Ghost Month wrapped up last weekend and now that it is over we can all breathe a sigh of relief as the ghosts have gone back to the underworld. For the less superstitious among us, we can also breathe sigh of relief, as people won't be burning things as often and you'll be able to enjoy some fresh air!
As I mentioned in my previous post about the Sacred Pigs, Ghost Month is probably the most confusing time of the year for foreigners in Taiwan. There is so much going on in terms of Taiwanese culture and ancient religious traditions that it seems like everywhere you go there is something cool is happening.
It is easy to be a silent observer when these things happen, but if you try really hard to actually understand the complexities of the tradition surrounding Ghost Month, you might cause yourself a bit of a headache.
I recently celebrated my ten year anniversary of being in Taiwan, and I can honestly admit that even now, as a fluent speaker and having studied Taiwanese culture for years, I still have trouble understanding everything that is happening around me.
I'm not saying that it's impossible to understand, and I'm sure there are people who could better explain all the aspects of Ghost month, but I'm sure they probably have a doctorate in Taiwanese anthropology.
A few day before Ghost Month ended, I headed to see the 'Doorway to Hell' in Keelung to get a last glimpse of the open door before the Ghosts would be ushered back to hell or wherever it is that they're supposed to go.
The doorway to hell, or the Ghost Door (鬼門) is housed in a temple in Keelung city. The temple which is named Lao Da Gong Temple (老大公廟) is quite a large one, but also quite a bit out of the ordinary as far as temples go. When Ghost Month rolls around, the outside of the temple is decorated with well-over a thousand lanterns and make the temple look really cool.
The inside of the temple is actually not as ornate as most typical Taoist temples are throughout the country and it actually seems to be somewhat plain-looking as far as that goes. My guess though is because the temple houses the doorway to hell and because so many people in Taiwan are superstitious that they don't often visit. The temple tends to be its busiest during ghost month where it attracts most visitors who come to make offerings to their ancestors.
The Gates of Hell happen to just be a small hole in the wall to the left of the main shrine of the temple. It is just a narrow door with a lot of calligraphy inscribed both around the door and on the inside. On the day that the gate opens, hundreds, if not thousands of people will come to the temple and the news media will park their cameras in front to offer a live feed to the nation of the gates opening.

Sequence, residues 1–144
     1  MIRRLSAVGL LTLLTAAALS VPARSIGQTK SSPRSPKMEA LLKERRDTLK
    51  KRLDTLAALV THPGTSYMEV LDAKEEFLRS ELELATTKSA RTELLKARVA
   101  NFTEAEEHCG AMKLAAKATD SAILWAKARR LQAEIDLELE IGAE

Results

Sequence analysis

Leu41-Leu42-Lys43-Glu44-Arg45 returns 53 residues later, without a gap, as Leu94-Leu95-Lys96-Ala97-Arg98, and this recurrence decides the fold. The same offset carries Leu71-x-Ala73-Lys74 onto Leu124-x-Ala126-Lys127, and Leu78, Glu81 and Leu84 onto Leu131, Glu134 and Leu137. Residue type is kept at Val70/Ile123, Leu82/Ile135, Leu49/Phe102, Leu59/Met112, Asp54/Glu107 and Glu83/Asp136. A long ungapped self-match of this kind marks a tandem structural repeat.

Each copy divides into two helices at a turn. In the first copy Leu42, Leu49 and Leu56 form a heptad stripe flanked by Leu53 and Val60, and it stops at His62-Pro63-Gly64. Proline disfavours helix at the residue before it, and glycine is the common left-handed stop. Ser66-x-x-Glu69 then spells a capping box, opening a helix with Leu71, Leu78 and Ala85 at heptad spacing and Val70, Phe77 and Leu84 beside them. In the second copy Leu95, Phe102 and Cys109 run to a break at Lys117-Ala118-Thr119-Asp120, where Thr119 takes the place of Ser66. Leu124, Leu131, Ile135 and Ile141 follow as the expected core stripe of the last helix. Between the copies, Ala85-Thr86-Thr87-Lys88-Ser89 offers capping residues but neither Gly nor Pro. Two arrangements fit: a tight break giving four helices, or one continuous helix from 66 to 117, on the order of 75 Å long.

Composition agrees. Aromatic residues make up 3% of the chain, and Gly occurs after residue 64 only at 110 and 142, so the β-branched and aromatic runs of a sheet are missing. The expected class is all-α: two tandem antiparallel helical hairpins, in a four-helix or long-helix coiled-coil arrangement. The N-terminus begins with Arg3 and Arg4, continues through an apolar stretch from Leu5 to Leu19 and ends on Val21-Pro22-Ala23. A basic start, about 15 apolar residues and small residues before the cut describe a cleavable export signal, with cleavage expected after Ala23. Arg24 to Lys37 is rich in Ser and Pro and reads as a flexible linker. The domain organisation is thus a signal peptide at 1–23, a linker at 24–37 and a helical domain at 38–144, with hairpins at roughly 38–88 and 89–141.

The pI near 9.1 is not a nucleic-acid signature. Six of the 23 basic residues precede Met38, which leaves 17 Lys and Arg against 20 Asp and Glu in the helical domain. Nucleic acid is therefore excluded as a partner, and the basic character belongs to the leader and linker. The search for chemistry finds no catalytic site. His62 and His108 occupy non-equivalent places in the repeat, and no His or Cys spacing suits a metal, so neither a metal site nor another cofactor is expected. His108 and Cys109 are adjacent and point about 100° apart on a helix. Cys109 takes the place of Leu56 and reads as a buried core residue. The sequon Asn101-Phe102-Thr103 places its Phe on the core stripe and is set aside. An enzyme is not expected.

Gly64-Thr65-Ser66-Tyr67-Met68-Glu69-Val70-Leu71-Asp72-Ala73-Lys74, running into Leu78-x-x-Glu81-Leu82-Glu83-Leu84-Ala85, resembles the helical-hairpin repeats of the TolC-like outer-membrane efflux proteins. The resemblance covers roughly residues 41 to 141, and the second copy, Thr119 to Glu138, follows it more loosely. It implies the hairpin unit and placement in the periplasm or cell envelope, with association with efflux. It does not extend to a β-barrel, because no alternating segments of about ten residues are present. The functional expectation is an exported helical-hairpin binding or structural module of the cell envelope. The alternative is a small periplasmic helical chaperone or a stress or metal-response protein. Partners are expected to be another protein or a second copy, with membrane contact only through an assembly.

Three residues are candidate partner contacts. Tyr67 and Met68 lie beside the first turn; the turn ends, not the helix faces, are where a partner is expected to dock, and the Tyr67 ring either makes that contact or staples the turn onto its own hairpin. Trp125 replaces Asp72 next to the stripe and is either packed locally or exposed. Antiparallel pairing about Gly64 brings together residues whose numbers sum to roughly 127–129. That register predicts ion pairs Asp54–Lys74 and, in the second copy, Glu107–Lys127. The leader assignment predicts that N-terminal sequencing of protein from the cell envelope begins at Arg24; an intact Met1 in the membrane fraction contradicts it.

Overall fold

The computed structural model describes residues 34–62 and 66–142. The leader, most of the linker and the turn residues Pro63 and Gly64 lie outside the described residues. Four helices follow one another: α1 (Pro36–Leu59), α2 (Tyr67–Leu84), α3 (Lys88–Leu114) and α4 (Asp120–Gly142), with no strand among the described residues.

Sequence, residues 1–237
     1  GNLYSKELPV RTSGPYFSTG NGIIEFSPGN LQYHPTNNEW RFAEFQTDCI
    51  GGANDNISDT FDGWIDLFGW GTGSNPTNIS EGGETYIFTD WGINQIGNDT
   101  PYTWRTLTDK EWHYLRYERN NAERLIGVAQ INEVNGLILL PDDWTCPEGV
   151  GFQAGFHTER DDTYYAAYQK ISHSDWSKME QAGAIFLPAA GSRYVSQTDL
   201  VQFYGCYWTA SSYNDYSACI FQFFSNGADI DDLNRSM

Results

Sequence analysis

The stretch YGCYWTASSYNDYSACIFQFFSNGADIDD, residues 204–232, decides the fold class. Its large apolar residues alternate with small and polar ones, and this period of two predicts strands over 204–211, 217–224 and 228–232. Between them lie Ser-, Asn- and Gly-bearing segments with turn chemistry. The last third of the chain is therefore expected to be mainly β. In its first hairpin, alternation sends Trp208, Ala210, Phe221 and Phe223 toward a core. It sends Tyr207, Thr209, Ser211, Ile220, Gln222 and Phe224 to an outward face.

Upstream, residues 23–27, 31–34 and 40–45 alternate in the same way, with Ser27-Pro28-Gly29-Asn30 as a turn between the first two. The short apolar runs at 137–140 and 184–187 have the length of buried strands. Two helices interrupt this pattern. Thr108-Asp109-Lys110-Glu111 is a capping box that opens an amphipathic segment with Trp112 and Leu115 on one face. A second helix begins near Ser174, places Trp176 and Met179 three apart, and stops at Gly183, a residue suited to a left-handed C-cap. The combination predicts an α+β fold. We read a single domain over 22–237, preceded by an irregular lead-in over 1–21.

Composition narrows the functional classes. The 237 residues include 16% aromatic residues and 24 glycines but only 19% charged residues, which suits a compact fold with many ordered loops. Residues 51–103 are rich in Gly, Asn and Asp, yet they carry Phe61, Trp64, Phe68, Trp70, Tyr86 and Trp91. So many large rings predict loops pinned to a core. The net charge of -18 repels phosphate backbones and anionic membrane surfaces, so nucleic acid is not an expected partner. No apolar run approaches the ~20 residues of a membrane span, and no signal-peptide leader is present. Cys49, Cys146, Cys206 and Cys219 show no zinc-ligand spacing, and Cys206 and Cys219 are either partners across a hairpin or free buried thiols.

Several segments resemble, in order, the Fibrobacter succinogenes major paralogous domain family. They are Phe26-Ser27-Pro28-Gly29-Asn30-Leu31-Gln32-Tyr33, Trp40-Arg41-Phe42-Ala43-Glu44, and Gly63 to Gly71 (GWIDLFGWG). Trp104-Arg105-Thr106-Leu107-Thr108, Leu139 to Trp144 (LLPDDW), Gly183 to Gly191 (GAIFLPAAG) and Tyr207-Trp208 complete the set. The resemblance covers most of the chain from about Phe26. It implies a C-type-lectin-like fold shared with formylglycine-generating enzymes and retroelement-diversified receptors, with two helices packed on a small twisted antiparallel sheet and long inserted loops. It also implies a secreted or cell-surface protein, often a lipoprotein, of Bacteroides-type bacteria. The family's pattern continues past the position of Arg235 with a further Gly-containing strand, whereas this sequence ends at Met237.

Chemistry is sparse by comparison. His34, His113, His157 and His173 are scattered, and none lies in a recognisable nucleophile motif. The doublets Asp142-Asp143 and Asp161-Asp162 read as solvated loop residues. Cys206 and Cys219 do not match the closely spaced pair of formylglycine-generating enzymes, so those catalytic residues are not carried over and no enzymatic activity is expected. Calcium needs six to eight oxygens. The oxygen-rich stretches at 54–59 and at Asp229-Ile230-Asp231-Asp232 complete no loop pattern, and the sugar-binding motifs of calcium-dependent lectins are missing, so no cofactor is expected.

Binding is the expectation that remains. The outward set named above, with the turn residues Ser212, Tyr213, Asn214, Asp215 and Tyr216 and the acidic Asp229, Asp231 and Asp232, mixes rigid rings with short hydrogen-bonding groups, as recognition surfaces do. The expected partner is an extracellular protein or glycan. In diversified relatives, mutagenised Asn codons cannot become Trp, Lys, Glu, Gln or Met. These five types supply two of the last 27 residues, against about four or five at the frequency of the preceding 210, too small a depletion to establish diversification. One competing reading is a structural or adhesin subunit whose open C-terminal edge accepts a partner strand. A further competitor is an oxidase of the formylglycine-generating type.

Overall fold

I attended the ceremony a few years ago (check the shots on my flickr here) and I have to say that despite all the fanfare, it was actually a little boring considering nothing actually happened when the gate opened. Although, I'm sure really sure what I expected to happen.
After shooting at the temple, I made my way back over to the downtown core of Keelung and walked up the mountain next to the harbour where you will find the popular Zhongzheng park (中正公園.)
On top of the mountain there is a temple/alter (主普壇) dedicated primarily to Ghost Month which means that the temple is more or less a museum for eleven months of the year. The temple has been used for almost 200 years during Ghost Month celebrations and attracts most visitors during late August and July.
Despite visiting a few days before the end of Ghost Month, the temple was still lit up and preparations had already started for the celebration that would take place on the weekend. If I had shown up on the actual last day of Ghost Month, the front of the temple would have long lines of tables set up with offerings for the ghosts and people would show up en masse to honour their ancestors.
This year, I decided that instead of getting in the thick of things with thousands of people, that I would visit a few days earlier to get the shots I wanted. I enjoyed the day in Keelung, which was strangely a sunny day (it rains around 300 days a year there) and enjoyed the lack of people crowding up my shots! I did miss the atmosphere of the celebration however. Unfortunately I wasn't able to attend this year as I had other things to do.
With Ghost Month finished, Moon Festival (中秋節) will soon arrive and it will be time for more cultural activities, barbecues, moon cakes, eating pomelo and a week or so later Double Ten Day, the National birthday of the Republic of China (Taiwan) will be taking place. It's going to be busy over the next few weeks and I'll have quite a bit to shoot!
If you're in Taiwan, I hope you're enjoying the Fall weather and since Moon Festival and Double Ten Day are coming, that you will enjoy your time off and enjoy some of the celebrations!
If you have any questions, comments or criticisms, be sure to comment below.